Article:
Commercial plaster bandage over polystyrene substrate:  Polystyrene carved to shape then plaster bandage soaked and laid over the landform.  Summer conditions, around 30C but relatively humid (not "tropical" but still "close")  3 days down the line and still not properly hard.

Commercial plaster bandage laid over chicken netting:
  Virtually identical climatic conditions to the above - Dry in around 30 minutes, hard in about an hour.   My future choice.

I'm only speaking from my own experiences but my assumption is that, because the foams are watertight, all drying has to take place via the open (top) surface of the bandage.  Maybe I soaked it too long, maybe I used too much water, maybe the atmosphere was too humid / dry / hot / cold but whatever, with the exception of the expanding foam which I did last year, the other two were done under the identical conditions and the chicken wire was so far ahead that I'll leave the polystyrene to those who use it for it's correct function.  It will also be a mighty relief not to have to cope with the mess !!!  I'm referring to the white expanded polystyrene which leaves all those statically charged bubbles everywhere - not "styrofoam" the "crunchie" cored extruded foam board which is both harder and leaves very little mess after cutting.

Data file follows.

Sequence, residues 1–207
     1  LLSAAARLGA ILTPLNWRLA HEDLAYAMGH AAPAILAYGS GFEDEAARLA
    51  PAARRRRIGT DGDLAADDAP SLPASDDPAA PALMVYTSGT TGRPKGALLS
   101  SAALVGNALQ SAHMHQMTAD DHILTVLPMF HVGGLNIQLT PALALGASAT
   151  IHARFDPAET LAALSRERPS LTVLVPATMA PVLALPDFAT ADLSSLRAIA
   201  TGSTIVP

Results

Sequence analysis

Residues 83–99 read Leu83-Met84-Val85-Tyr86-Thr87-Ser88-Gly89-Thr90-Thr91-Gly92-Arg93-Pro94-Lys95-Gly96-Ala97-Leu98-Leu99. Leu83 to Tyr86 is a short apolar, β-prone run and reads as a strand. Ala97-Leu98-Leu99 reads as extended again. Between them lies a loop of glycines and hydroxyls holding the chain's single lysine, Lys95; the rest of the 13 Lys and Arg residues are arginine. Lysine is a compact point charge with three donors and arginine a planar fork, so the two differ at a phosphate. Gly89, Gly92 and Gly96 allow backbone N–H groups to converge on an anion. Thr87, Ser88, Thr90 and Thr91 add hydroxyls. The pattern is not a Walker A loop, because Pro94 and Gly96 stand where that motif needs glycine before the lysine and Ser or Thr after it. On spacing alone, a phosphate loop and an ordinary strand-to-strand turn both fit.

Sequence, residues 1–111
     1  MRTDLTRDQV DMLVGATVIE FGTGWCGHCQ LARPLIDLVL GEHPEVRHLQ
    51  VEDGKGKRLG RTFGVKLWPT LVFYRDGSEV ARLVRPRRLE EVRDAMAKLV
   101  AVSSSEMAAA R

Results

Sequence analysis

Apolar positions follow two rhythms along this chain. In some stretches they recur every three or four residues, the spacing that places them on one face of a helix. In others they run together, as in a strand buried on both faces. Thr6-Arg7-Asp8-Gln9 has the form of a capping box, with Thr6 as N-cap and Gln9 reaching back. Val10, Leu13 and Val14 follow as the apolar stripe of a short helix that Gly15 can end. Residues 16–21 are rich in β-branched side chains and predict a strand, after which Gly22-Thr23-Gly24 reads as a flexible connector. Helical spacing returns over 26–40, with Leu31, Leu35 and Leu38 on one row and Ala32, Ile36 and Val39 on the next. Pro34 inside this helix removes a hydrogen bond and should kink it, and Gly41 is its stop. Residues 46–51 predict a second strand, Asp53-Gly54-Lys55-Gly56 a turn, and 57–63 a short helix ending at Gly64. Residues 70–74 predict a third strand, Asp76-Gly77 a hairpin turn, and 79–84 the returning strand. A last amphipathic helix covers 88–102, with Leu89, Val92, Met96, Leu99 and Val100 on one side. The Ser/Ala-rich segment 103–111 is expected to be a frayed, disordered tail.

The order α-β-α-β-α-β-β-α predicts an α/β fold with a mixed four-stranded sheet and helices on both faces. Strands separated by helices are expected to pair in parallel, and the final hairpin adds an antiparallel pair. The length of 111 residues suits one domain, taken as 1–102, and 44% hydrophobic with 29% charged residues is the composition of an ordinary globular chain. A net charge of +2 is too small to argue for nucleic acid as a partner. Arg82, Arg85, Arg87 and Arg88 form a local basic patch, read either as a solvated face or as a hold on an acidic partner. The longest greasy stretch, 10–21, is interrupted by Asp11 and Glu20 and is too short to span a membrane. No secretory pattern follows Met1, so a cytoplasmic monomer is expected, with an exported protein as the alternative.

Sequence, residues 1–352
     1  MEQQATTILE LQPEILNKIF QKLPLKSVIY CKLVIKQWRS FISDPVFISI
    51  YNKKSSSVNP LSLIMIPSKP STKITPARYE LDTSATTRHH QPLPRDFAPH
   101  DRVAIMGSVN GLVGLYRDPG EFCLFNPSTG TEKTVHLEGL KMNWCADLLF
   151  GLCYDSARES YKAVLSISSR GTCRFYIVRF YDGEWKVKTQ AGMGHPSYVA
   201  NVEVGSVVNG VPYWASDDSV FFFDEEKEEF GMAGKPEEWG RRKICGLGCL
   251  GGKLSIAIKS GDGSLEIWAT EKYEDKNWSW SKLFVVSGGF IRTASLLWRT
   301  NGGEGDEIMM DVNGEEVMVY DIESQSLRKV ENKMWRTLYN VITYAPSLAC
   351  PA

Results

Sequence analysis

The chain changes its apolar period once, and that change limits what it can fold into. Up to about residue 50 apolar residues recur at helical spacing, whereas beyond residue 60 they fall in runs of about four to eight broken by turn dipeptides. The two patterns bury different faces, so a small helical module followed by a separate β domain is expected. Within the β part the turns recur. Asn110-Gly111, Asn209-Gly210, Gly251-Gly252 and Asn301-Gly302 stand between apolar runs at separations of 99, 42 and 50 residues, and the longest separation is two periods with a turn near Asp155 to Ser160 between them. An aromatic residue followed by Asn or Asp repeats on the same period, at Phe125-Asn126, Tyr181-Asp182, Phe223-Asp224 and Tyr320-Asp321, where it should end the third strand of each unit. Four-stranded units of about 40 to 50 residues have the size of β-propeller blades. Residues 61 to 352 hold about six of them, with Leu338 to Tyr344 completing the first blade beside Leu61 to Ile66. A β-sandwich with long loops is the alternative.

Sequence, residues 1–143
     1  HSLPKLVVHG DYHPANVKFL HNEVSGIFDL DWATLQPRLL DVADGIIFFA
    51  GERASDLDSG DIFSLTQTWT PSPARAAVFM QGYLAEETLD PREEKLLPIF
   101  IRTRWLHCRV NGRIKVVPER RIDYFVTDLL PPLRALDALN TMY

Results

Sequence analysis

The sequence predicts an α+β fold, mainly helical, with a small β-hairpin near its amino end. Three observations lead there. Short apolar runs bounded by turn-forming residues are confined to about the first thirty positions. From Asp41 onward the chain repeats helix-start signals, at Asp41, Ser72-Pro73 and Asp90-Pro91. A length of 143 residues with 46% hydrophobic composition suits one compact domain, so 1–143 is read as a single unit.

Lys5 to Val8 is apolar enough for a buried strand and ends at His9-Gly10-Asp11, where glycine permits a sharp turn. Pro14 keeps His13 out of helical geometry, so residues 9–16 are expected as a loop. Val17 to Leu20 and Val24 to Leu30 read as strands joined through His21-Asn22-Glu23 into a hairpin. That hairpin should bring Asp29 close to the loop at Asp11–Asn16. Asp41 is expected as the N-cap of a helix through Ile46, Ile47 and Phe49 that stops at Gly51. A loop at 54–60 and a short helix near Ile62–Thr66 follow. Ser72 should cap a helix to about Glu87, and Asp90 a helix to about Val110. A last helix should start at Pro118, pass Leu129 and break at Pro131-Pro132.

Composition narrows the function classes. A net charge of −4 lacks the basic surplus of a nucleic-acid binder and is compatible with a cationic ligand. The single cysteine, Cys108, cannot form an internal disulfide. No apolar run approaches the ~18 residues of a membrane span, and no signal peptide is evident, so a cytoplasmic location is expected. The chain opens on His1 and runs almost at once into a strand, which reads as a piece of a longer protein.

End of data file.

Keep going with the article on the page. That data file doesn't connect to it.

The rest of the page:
To answer your question Jeff - yes it does dry over polystyrene but took forever.  My personal advice would be to go for an alternative.  Others clearly have different experiences - I have no idea why that is but that's life for you !!  There's never a right way nor a wrong way, there's just "your" way. :cheers